When it comes to measuring social and emotional skills such as persistence, traditional assessments are often “too simplified, abstract, and decontextualized,” according to Valerie J. Shute, a professor in the educational psychology and learning systems department at Florida State University in Tallahassee.
That’s why Ms. Shute promotes the idea of “stealth assessments” that are unobtrusively woven into the fabric of video games in order to measure in real time how players are progressing toward a variety of targets—not just for content learning, but also for checking progress on so-called 21st century skills.
“There’s no better system than games to provide challenging problems without completely overwhelming people,” Ms. Shute wrote in an email. “Stealth assessment considers [the] process of failing and trying again as a source of evidence for persistence.”
Here’s how the process is intended to work: First, a game will track in real time how long a player spends on a difficult problem or how often a player is willing to retry a problem at which he or she has previously failed. Based on that information, the game can then offer encouragement or adjust the types of problems presented to that player, seeking to find the sweet spot that will be challenging enough to promote learning but not so difficult as to discourage continued effort.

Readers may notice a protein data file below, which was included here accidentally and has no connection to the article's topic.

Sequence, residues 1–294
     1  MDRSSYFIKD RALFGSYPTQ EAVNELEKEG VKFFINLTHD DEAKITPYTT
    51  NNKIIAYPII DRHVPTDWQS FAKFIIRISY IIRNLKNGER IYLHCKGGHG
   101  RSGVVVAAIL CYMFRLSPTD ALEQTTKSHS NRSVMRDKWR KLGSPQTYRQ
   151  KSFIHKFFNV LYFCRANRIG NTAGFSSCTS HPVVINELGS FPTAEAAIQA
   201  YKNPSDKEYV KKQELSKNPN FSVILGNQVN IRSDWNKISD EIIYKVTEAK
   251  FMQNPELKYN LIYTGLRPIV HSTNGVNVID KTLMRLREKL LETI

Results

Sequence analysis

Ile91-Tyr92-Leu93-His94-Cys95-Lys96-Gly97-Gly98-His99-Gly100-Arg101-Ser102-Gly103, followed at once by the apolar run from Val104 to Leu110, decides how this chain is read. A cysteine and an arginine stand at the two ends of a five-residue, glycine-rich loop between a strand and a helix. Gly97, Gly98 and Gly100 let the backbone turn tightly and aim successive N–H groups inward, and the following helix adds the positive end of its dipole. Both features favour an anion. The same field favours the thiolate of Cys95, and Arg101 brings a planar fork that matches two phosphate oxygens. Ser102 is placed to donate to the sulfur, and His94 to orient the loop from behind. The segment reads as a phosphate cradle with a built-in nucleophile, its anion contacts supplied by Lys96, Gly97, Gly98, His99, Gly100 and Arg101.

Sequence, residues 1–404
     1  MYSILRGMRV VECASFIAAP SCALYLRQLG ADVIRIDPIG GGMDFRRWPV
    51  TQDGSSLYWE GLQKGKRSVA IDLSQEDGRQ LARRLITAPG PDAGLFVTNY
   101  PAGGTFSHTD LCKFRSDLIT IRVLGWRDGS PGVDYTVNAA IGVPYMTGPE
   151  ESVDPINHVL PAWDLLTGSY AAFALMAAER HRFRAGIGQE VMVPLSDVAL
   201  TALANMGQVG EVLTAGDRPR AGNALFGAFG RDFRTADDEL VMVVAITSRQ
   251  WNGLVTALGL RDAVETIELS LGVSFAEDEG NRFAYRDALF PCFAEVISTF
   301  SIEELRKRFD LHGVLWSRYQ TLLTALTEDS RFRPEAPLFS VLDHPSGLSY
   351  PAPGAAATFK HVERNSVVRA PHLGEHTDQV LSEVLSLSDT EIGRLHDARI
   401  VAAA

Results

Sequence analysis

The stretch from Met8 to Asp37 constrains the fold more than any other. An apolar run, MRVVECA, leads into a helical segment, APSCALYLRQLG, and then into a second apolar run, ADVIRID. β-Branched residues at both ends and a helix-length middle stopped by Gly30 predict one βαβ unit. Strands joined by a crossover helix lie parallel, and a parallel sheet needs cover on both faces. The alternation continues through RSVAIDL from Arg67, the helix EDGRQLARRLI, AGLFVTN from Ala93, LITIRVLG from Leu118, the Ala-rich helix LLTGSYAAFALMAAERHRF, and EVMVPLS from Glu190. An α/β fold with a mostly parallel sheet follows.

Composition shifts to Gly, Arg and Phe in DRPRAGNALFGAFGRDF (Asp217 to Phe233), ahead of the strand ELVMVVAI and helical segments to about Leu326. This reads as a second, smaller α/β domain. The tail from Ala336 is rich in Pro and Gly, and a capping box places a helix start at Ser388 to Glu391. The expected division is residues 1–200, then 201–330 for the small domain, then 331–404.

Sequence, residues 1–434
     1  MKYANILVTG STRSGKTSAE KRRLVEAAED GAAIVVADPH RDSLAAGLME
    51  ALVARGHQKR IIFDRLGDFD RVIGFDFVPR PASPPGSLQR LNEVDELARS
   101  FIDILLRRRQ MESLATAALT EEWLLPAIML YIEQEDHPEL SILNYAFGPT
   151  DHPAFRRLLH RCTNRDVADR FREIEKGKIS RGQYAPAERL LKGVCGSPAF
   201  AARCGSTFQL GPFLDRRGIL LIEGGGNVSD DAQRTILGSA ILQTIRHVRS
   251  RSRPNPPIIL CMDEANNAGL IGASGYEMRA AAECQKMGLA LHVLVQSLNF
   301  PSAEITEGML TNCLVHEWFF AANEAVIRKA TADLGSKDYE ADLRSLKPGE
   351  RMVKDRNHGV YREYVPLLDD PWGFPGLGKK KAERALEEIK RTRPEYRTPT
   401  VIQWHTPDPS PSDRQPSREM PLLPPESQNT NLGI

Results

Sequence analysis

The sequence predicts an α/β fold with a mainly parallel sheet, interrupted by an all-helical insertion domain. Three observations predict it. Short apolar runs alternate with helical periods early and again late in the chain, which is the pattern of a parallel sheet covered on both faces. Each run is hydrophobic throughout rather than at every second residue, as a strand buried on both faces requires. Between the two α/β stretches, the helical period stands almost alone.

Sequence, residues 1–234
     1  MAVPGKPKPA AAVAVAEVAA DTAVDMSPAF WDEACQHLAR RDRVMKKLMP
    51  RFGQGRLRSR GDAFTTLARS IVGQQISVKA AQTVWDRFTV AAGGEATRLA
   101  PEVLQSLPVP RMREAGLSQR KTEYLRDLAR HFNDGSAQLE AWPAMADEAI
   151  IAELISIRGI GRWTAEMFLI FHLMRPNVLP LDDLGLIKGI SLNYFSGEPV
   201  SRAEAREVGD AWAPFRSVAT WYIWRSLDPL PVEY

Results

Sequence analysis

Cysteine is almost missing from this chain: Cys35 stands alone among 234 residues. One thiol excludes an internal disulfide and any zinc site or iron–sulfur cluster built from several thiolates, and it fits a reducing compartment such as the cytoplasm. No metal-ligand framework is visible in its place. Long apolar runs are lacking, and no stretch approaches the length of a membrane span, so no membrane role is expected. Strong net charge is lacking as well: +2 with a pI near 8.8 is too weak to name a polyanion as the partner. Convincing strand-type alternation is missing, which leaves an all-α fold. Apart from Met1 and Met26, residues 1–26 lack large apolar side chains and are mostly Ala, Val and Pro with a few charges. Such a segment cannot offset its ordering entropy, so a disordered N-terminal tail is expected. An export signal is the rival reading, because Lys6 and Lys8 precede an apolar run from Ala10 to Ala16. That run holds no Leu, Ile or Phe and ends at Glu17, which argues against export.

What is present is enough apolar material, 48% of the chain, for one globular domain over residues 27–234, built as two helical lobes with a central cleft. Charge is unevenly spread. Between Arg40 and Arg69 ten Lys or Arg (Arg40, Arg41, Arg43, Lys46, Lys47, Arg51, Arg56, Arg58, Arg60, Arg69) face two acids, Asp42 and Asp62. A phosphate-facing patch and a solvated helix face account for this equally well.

The result, Ms. Shute and others believe, will be digital games that can not only measure qualities like persistence, or grit, but actually nurture them.
The first round of such games have already been developed, including, a digital game created by Ms. Shute with support from the Seattle-based Bill & Melinda Gates Foundation.
Newton’s Playground aims to improve high school students’ conceptual understanding of everyday physics—and to help bolster their conscientiousness, a long set of factors that includes persistence and creativity. A recent research study published by Ms. Shute found. Her team also found evidence that the measures of persistence woven into Newton’s Playground were valid when measured against traditional indicators.
Another video game example is, which was developed by the Games+Learning+Society center at the University of Wisconsin-Madison. That game aims to help students regulate their attention and awareness by monitoring their own breathing. Researchers say that skill is a key building block of learning.
There are barriers to using games to assess social and emotional skills: For one, the games themselves are expensive to build, at least if they’re meant to be engaging to the typical teenager. There are also questions about traditional psychometric concerns: How do educators know if developers’ claims about what their games can assess are in fact true? And perhaps most significantly, said Kurt Squire, an associate professor at UW-Madison and the director of Games+Learning+Society, questions remain about the extent to which the type of persistence shown in a video game is relevant in the real world.
“Grit seems to me to be an interaction between a person, a context, and a particular task,” Mr. Squire wrote in an email. “There may be limits in how well a game can measure or foster a ‘generalized grit'—although there may also be a very clever or brilliant game designer who can do just that.”
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